Up in Pieces turns photos into playable jigsaw puzzles. I've been using the app with students and in workshops for years. It has now been updated as a universal iPad and iPhone app. The update also adds building and sharing options that makes it much more useful in classrooms.
You can import any image from your Photo Library into Up in Pieces. This means your puzzles could come from...
- photos taken with the camera
- images saved from webpages
- screenshots taken in any app, like Haiku Deck
- collages made with Pic Collage
- images annotated with Skitch
- slides exported from Keynote
- slides exported and saved to your device from PowerPoint on a Mac or PC
- projects saved from drawing and photography apps
Images for puzzles can be portrait or landscape. Just know that Up in Pieces will require you to slightly crop the top and bottom of a portrait image or the left and right sides of a landscape image.
I'd like to take you through the process of how I made a puzzle. First, I made a slide in Keynote for Mac. It explains how to take a screenshot on an iPad. I saved the slide as a .jpg image and emailed it to myself. I viewed the email on my iPad and saved the attached image to my Camera Roll by touching and holding it and tapping the Save button.
Next, I opened Up in Pieces and tapped the Create Puzzle Button and selected my saved image from my iPad's Photo Library.
Up in Pieces forces me to crop a little bit off of each side of my image. I planned for this when I originally created my slide by leaving extra room on the sides.
Next, I select the number of pieces in my puzzle. I could turn on Rotate Pieces to make the puzzle much more difficult.
After selecting the cut, my puzzle is created and saved to Up in Piece's main screen. I can click the puzzle to play it. All puzzle pieces are in the tray on the right side of the screen. The tray appears on the bottom of the screen for portrait-style puzzle. To see more pieces, scroll through the tray. Putting together the puzzle is a matter of dragging each piece onto white area to recreate the original image.
Teachers can create puzzles and share them with students. Up in Pieces has a sharing feature where you can email a link to download the puzzle onto another device. Of course, the receiving device must have Up in Pieces installed in order to play the puzzle. When you choose to share a puzzle, it is uploaded to Up in Piece's server and is available via a hyperlink. To get the hyperlink, your options are to share it by Twitter, Facebook, or Email. I emailed the link to myself so that I could share it with you. Here's the link for my "How to Take a Screenshot" puzzle: http://app.upinpieces.com/puzzle/links.php?i=51e33e89f2350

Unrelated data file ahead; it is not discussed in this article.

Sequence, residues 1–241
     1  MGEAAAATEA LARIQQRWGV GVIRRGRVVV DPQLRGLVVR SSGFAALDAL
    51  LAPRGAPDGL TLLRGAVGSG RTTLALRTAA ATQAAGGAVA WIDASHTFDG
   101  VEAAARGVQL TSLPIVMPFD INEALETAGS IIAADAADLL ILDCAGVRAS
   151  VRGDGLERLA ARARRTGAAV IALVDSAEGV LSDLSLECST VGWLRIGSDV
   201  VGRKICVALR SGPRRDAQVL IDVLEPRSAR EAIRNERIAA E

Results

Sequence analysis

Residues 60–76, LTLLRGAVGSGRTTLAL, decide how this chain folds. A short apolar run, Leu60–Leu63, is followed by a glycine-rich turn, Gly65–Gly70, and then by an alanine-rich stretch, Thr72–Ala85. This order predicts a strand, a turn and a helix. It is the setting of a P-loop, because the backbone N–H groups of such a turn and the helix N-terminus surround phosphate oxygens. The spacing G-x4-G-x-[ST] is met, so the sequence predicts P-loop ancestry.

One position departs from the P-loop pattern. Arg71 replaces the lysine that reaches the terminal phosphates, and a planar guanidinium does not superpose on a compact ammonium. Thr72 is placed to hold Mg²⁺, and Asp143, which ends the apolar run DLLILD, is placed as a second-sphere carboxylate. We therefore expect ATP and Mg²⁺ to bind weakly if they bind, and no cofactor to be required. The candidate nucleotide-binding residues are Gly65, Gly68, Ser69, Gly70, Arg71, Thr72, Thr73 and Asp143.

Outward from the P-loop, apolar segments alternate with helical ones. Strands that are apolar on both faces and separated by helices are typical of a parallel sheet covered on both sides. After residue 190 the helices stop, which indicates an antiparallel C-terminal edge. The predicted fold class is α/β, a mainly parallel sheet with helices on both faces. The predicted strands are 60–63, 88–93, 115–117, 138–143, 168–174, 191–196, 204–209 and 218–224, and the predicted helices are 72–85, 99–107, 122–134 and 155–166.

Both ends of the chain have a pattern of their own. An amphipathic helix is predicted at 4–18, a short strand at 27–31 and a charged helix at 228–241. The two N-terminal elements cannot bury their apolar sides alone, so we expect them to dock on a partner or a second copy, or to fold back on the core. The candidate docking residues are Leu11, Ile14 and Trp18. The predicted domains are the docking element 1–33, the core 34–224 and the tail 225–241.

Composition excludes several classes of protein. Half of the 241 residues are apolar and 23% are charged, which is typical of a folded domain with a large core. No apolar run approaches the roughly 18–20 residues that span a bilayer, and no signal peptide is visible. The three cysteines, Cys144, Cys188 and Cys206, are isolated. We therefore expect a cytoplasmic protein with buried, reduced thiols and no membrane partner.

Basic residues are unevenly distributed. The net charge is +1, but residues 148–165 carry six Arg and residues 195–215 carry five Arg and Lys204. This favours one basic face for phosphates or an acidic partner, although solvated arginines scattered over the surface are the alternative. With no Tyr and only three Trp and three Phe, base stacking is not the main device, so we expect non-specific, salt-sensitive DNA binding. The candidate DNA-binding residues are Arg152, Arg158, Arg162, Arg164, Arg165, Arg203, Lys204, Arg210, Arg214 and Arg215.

If you click the link on an iPad, iPhone, or iPod touch, you will be able to then open the puzzle in Up in Pieces. The puzzle will be added to the main screen and be ready to play!
There are lots of ways to get this link to students' devices. The hyperlink can be emailed, placed on a website, put into an Edmodo group, or Chirped. I copied the link and pasted it into a QR code generator to create the code below. The QR code could be displayed on a projector screen or printed out for center or station activities.
Teachers shouldn't have all the fun of making puzzles. Students would love to make and share them too! Whether they are made by a teacher or a student, puzzles can help reinforce, preview, or review learning.
Ideas for jigsaw puzzles:
- A list of class rules
- The water cycle
- Math formulas that need to be memorized
- Maps of the world, countries, or regions
- Historical figures with a list of their accomplishments
- Famous quotes
When making an image for a puzzle, try to fill the whole area with text or images. Also be sure to use a large font for text. Color gradients work well for backgrounds because they can help make the puzzle a little easier to put back together. Like I mentioned, PowerPoint, Keynote, and Pic Collage are great tools for making the images you will import to turn into a puzzle.
Above are two images I made that have vocabulary words from a story. Notice that I filled most of the area by coloring the fonts to match the clipart I used for illustration. I imported these images into Up in Pieces puzzles. Download and play Vocabulary 1 and Vocabulary 2.
Up in Pieces is available for free (with ads) from the Apple App Store. You are given the option to order a physical puzzle and have it shipped to you for $12. But why? Digital puzzles are great because there are no pieces to lose!
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